Ireland’s long-awaited Test match debut was delayed by the elements on Friday, with the first day of their historic contest against Pakistan washed out.
Heavy rain overnight on Thursday in Malahide prevented the nation’s inaugural five-day match beginning on time and the strong wind and steady drizzle continued throughout Friday.
When umpires Richard Illingworth and Nigel Llong surveyed the scene at 3pm, a heavy downpour just before had left puddles on the outfield and it was soon confirmed no play would be possible.
Ireland will become the 11th nation to play a Test, 25 years after the International Cricket Council awarded them associate status and 11 months after they were granted full membership.
Cricket Ireland had already sold 5,100 tickets out of a possible 6,300 for the first day at Malahide Cricket Club, and all of those supporters will now receive a full refund.
It means that the governing body stand to lose 75,000 euros from Friday’s washout, with chief executive Warren Deutrom having previously claimed the total cost of staging this inaugural Test would be “around 1million euros”.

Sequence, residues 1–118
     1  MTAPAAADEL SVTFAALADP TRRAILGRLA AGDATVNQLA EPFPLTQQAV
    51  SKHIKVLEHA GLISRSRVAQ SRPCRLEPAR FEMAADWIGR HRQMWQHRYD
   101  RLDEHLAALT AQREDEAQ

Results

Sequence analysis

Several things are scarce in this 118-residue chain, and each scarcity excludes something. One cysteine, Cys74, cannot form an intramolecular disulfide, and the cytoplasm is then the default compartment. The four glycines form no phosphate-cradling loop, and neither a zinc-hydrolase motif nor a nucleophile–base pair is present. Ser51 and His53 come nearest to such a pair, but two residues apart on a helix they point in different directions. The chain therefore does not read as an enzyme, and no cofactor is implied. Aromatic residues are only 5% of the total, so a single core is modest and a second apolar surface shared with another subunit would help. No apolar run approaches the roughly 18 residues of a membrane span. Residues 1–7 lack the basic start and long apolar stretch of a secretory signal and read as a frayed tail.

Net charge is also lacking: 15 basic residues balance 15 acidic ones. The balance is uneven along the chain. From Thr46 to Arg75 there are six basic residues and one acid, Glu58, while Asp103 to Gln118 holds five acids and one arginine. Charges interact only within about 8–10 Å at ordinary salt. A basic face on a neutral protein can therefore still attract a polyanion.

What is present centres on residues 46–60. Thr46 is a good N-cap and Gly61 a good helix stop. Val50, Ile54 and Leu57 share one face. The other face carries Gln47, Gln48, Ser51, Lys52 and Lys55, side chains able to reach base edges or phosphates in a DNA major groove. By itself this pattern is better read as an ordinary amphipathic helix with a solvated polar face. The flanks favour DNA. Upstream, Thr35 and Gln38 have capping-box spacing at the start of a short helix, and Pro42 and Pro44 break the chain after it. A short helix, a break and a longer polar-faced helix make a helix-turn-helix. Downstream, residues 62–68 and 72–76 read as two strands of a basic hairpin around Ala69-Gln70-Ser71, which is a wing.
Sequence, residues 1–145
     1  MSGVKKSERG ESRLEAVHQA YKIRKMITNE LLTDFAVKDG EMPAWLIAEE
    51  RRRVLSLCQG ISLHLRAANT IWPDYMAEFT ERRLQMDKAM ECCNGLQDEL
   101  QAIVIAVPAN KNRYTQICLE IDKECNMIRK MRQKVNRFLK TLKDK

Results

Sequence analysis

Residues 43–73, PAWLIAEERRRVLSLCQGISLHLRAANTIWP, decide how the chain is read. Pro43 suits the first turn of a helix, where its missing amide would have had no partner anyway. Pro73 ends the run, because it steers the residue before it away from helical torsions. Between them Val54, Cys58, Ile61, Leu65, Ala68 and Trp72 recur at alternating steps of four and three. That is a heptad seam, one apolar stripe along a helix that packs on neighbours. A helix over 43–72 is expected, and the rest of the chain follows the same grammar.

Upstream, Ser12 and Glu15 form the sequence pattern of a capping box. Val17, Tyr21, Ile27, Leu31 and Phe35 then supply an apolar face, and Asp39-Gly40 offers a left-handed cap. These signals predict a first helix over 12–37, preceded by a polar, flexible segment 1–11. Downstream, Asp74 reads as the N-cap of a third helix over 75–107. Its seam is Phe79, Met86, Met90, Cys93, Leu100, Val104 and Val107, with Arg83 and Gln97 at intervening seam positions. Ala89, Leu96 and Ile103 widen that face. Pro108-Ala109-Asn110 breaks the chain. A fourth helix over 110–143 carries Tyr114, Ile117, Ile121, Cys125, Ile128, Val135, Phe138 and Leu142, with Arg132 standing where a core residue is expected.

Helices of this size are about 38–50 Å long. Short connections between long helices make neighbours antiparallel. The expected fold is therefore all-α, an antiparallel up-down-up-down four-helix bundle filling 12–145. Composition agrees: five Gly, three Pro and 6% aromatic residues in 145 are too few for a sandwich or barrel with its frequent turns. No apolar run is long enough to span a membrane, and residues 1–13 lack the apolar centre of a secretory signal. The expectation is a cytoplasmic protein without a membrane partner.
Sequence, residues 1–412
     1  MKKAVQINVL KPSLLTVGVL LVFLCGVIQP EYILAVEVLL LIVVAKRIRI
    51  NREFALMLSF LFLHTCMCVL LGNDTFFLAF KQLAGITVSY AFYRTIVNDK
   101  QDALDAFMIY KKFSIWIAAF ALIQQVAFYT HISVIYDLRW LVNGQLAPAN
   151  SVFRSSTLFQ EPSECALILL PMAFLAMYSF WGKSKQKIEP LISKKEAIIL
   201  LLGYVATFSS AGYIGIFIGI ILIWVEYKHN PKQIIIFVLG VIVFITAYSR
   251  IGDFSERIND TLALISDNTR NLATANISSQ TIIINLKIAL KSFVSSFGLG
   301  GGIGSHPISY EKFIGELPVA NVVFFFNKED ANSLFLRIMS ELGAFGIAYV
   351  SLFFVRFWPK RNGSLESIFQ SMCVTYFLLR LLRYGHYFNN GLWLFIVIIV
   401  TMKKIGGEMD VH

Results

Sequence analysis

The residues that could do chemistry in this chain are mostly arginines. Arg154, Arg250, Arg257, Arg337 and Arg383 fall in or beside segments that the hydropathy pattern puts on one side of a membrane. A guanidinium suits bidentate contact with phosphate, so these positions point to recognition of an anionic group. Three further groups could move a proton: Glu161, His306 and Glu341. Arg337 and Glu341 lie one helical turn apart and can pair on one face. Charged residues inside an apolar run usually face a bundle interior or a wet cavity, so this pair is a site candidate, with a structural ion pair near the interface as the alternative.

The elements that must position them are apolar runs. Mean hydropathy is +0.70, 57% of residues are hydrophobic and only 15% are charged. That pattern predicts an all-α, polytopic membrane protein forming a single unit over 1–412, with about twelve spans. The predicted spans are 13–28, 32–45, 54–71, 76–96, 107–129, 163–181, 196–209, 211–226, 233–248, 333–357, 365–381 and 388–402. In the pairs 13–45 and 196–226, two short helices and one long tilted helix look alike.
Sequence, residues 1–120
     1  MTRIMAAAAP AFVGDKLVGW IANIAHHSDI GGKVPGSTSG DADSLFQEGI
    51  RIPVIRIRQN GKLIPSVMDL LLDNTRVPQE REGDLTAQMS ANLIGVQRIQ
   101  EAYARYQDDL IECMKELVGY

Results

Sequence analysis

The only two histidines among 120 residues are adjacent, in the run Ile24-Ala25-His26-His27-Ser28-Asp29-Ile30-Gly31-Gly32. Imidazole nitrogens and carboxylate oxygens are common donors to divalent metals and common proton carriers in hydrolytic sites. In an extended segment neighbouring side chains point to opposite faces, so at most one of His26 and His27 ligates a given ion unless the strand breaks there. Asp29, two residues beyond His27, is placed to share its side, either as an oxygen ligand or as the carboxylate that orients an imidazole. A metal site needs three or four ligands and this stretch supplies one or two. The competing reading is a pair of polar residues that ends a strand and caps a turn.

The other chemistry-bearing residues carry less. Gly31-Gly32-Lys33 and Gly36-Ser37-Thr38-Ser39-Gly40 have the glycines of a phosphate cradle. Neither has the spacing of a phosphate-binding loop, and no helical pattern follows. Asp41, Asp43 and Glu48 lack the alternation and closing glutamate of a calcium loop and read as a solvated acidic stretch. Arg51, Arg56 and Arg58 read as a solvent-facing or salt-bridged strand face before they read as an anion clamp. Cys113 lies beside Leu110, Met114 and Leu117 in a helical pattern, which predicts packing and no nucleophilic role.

Shortly after the umpires made the call, the rain ceased and the skies cleared, and Duetrom is hopeful that Saturday will bring better weather given 4,000 fans have already purchased tickets.
“There was a huge sense of excitement and anticipation about today, and a massive sense of pride,” he said.
“As we were getting to half two, three and the rain was hammering down, even if suddenly it had cleared and the guys said, ‘Let’s get out there for a number of overs at five o’clock’, it probably would have been an inappropriate, underwhelming way to have started our bow in Test cricket.
“If we can get some walk up with good weather (on Saturday), hopefully it will be a more appropriate environment to start our first ball in Test cricket. Of course it’s disappointing but what I don’t want to do is go around with a massive long face, projecting misery because it isn’t that. We’re still hugely proud.”